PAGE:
The Zoo Story by Edward Albee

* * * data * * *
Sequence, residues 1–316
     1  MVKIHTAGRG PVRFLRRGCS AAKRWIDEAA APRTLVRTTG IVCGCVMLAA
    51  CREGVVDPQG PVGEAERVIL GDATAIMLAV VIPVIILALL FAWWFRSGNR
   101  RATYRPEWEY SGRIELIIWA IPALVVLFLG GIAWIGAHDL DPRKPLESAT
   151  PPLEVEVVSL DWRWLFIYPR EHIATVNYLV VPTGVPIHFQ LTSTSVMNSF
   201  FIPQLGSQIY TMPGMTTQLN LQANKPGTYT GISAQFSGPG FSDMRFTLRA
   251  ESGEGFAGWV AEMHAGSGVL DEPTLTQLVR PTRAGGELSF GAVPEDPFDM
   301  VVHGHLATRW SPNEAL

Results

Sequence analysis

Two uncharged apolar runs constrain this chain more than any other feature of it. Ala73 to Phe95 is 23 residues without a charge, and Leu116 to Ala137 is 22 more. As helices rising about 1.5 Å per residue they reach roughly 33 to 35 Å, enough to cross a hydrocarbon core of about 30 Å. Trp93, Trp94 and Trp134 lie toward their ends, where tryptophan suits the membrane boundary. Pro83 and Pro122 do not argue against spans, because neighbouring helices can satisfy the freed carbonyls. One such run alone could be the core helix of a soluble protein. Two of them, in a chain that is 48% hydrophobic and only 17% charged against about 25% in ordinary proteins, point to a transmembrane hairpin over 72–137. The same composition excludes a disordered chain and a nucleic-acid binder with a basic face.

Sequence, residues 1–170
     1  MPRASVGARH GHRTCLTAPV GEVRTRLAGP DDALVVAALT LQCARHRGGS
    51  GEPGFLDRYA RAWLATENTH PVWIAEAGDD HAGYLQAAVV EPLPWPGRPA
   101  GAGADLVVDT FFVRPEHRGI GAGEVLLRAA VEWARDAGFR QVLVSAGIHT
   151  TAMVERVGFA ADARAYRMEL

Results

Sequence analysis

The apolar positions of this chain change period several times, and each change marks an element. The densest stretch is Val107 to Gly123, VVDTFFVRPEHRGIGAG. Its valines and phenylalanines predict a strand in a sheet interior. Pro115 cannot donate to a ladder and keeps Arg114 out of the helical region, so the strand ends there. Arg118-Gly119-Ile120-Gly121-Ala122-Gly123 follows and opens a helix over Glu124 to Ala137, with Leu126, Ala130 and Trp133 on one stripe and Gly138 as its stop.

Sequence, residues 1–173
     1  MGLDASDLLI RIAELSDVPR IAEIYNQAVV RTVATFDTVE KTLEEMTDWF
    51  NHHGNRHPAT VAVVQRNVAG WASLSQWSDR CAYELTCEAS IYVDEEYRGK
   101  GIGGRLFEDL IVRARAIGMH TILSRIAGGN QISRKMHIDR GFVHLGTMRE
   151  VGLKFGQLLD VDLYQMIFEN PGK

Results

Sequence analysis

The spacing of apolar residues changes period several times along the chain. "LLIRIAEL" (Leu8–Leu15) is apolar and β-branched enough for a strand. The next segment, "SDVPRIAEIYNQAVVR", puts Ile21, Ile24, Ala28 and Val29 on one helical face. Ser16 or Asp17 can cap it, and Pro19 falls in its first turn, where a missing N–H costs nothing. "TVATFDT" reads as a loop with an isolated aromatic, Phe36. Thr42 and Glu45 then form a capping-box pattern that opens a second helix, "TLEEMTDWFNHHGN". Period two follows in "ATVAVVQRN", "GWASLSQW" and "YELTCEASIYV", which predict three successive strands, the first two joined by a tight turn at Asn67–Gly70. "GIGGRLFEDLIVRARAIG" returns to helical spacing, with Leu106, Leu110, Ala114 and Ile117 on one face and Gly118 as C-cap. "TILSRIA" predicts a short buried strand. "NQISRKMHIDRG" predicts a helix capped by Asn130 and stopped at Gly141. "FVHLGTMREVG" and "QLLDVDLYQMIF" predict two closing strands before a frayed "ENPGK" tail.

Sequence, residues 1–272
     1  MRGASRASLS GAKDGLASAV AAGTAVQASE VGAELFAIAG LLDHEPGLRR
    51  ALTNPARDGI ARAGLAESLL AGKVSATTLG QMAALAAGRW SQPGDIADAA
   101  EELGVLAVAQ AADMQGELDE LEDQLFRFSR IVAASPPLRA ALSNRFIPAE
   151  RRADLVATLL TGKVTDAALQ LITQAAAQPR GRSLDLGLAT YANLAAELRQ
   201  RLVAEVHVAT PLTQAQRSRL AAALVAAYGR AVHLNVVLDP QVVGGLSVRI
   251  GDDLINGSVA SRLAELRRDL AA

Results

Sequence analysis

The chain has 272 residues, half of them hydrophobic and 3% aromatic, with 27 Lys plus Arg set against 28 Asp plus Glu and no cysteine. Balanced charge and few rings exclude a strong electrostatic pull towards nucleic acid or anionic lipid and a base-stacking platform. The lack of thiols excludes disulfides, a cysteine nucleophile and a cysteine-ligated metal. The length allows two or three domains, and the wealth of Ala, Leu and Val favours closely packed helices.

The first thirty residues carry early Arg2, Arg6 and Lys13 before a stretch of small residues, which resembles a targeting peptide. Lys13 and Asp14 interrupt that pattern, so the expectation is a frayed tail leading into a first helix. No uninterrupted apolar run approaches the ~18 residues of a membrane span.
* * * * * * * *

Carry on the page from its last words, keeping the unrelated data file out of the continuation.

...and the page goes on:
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The Zoo Story by Edward Albee In Edward Albee's play, The Zoo Story, Jerry tells Peter bizarre stories about people he has encountered that influence his shallow and lonely existence, to demonstrate Albee's view that society is unnecessarily consumed by indifference, unkindness, weakness, and emptiness. In an attempt to cause Peter to realize that his own life is filled with emptiness and shallowness, Jerry tells Peter about the lives of some of the people in his boarding house. He talks about the colored queen, the Puerto Rican family, the landlady, and the woman who cries all the time, in hopes of causing Peter to compare the meaninglessness of his life to their lives. In doing this, Jerry hopes Peter will realize that his life can have substance if he so chooses. Jerry is motivated to use his knowledge of the world around him to help Peter because he feels that it is important for him to use his observations to change the life of someone else for the better. He anticipates the vibrant attitude change that will consume Peter when he mentions early into their conversation that he will read about "it" in the papers tomorrow (Albee 15). Jerry is confident that he has what it takes to show Peter the light, and thus begins to tell him "The Zoo Story." Some of Albee's negative views of society can be seen when Jerry describes the colored queen that lives in his apartment building. The colored queen is overly concerned with his outward appearance. Through Jerry's description of the queen, it becomes obvious that he is quite self-centered and narcissistic. According to Jerry, he usually has his door wide open, as if he is pleading for others to watch him. This is like many people in society who need constant attention in... ... middle of paper ... ...happy that he does not wallow in his self-pity. By the finish of the play, it becomes apparent that Jerry is fulfilled enough with his existence, and can die a happy human being. He provokes Peter to the point where he will defend himself for control of the bench. Jerry succeeds in getting Peter to help him kill himself. Jerry impales himself on the knife from Peter's outstretched arm. Jerry kills himself because he is finally content with his existence. He realizes that he has the ability to cause changes in the lives of others, and he realizes that he has a perception of the world around him more acute than most people do. He realizes that by telling Peter about the sad, lonely, empty people from his boarding house, Jerry has caused Peter to have a heightened perception of reality, and therefore can die a happy man because he has fulfilled his life's work.

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